Auction houses are one of the most powerful pillars of the art market. With hundreds of sales a year producing billions of dollars in revenue, they are by far one of the most popular ways to buy and sell art. Almost anything can be sold at auction, and the sale items usually originate from one of the three D’s of the art world.  To be absolutely honest, auction houses and their sales make up a complex and deeply secretive industry. My aim is to simply provide an introduction to this world, since there is no way I can sum up everything involving auction houses in one go. With that being said, let’s dive into auction houses.
The two most well-known auction houses are Sotheby's undefined and Christie’s. Sotheby’s being the oldest, having been founded in 1744 (London). Sotheby’s originally only sold books, but in 1816 the auction house branched out into medals and coins. It wasn’t until 1913 that Sotheby’s began selling works of art. A few years later, in 1917, the auction house moved to their New Bond Street location and remains there to this day. Christie’s was founded in 1766 (London), and sold a variety of art and non-art objects from the moment the doors opened. While Sotheby’s has bounced back and forth between being a public and privately held company, Christie’s for the most part has remained private. This allows Christie’s to keep large amounts of information on revenue and other financial matters out of the public eye. 
Both auction houses have a staggering number of international staff who work tirelessly to produce a full calendar of sales each year. Many of these locations include (at the minimum) London, New York, Paris, and Hong Kong. All of this is subject to change over the years due to changes in legal regulations of the transportation and taxation of art. To put it simply, auction houses go where the money is. Major city locations like Hong Kong are strategic. They are city hubs where many of their clients live (or nearby), and are comfortable visiting.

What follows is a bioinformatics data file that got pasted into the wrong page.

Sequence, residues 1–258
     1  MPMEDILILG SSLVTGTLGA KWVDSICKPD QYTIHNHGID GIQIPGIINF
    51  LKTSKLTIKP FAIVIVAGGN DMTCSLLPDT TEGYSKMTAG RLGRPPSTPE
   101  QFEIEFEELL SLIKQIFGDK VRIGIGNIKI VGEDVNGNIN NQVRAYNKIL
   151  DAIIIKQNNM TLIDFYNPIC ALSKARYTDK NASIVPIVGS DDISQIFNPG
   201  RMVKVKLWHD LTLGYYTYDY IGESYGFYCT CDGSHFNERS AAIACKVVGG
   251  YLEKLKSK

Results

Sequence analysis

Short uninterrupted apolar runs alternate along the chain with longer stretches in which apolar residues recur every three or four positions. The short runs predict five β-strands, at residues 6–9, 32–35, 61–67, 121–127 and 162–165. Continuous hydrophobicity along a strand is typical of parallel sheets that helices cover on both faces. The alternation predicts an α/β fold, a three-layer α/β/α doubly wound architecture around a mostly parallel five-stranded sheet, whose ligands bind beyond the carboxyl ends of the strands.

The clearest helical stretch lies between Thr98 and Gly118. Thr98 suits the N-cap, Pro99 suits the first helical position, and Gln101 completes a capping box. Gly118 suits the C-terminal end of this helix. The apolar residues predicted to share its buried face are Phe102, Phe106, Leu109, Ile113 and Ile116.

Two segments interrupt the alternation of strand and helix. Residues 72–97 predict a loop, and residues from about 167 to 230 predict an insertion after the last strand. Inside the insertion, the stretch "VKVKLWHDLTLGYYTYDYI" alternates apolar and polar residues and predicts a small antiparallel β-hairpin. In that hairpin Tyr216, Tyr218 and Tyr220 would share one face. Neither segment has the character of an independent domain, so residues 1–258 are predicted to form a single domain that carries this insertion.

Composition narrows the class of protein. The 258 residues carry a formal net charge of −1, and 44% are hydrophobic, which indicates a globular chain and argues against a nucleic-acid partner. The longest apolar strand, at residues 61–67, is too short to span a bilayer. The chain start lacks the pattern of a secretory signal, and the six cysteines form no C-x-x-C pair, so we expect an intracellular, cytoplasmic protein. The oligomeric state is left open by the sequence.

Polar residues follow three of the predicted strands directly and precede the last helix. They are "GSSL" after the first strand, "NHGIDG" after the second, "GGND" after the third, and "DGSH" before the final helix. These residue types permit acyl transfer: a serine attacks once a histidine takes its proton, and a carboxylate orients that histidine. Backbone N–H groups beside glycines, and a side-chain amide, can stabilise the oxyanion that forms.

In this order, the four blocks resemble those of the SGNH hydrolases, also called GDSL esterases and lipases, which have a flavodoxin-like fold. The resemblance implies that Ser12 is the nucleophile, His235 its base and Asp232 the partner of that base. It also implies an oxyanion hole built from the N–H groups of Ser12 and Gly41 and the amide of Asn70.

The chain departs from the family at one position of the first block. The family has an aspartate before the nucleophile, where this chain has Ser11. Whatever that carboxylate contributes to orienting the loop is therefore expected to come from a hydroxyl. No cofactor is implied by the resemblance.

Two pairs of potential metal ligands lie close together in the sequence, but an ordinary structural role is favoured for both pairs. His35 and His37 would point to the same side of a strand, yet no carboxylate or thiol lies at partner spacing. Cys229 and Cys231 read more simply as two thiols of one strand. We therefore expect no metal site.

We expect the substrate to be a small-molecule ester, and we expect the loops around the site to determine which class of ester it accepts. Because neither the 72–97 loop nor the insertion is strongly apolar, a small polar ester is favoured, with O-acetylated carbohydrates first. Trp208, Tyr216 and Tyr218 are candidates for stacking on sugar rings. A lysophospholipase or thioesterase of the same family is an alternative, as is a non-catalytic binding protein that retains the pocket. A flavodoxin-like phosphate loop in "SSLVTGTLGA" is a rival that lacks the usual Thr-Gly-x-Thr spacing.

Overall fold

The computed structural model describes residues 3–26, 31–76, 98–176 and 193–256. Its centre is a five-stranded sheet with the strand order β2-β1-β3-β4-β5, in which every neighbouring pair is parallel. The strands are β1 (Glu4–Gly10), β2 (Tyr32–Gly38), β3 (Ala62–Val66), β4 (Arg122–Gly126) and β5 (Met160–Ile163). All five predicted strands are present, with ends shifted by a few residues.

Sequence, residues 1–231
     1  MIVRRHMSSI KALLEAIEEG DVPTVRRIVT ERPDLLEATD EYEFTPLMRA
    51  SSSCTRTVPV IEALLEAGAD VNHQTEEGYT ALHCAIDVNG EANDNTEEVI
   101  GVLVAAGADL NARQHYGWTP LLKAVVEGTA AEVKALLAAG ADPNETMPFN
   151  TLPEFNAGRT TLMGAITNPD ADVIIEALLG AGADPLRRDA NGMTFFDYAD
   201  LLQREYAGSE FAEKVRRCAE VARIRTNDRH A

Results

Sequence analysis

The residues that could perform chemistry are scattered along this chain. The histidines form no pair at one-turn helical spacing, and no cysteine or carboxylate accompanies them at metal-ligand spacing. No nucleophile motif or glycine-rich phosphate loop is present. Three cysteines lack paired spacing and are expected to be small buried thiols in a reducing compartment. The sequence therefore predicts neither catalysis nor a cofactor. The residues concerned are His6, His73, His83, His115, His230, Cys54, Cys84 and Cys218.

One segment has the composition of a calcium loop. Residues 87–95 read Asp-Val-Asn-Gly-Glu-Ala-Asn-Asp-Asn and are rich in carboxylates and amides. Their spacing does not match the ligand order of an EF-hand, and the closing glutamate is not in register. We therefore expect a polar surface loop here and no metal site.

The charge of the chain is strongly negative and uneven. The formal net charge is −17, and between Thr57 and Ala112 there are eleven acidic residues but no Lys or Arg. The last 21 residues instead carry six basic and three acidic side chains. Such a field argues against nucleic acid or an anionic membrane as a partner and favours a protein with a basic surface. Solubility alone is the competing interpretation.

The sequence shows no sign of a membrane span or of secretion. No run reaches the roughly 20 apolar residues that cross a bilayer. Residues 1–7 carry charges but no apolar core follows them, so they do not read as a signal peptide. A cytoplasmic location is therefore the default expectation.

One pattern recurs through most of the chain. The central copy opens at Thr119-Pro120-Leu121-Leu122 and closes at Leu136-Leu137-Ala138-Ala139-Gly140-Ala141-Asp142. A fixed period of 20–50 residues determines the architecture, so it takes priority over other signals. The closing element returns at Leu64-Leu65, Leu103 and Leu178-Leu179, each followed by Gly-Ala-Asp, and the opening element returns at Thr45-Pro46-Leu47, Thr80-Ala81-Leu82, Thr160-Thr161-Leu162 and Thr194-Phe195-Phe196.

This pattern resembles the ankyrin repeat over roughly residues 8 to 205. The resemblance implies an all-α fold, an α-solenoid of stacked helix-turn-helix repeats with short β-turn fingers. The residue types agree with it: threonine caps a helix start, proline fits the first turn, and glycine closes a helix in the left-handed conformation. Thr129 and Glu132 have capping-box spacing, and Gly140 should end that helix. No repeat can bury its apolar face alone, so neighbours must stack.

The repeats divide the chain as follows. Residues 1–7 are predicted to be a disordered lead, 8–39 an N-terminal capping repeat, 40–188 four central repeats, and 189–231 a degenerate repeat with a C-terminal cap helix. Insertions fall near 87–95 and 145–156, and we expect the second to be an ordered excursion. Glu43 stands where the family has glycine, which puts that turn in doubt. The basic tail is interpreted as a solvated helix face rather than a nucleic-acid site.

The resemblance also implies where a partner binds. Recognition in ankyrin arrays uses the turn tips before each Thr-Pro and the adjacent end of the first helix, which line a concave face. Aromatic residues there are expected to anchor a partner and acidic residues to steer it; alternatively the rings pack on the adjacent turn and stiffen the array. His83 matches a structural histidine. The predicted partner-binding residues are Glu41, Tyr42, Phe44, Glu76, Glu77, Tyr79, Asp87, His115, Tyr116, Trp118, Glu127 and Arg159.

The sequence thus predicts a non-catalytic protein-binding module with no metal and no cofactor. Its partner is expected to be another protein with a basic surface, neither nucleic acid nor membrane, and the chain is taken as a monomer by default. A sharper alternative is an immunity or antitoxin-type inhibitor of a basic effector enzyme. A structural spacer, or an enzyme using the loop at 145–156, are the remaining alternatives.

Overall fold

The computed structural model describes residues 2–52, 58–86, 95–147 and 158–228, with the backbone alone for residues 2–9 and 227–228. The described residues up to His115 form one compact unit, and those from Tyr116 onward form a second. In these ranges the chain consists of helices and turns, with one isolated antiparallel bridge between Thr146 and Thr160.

Now for the actual sale process itself. Let us say Jane Doe wants to sell her Monet. Jane visits the auction house where she meets with a sales representative who passes on her work to an in-house specialist who looks over the work to evaluate and ensure the work is authentic. If it isn’t authentic then various other terms will be used rather than ‘by Monet’. Once the specialist has finished their review they give an appraisal of the work. At this point the auction house can discuss the nitty gritty details of Jane selling her art at their upcoming Impressionist sale.
Now that Jane and the auction house have agreed to the terms of her Monet’s sale, the Monet is stored at the auction house and photographed for the printed sale catalogue. In a sale catalogue all of the works being sold are given a lot number, estimate, and typically an image. These catalogues are then sent out to clients who the auction house feels would be interested in buying the art works. These clients can range from private collectors, museum directors, to galleries. You can also go into the auction house itself and buy a copy of the catalogue during the preview. The preview is held usually a few days before a sale, where interested buyers may visit the works and review them before considering bidding.  A preview is set up usually in the gallery spaces of the auction house, and all are welcome to come (much like an exhibition space in a gallery). The preview dates and times are usually listed on the sale’s website and/or catalogue.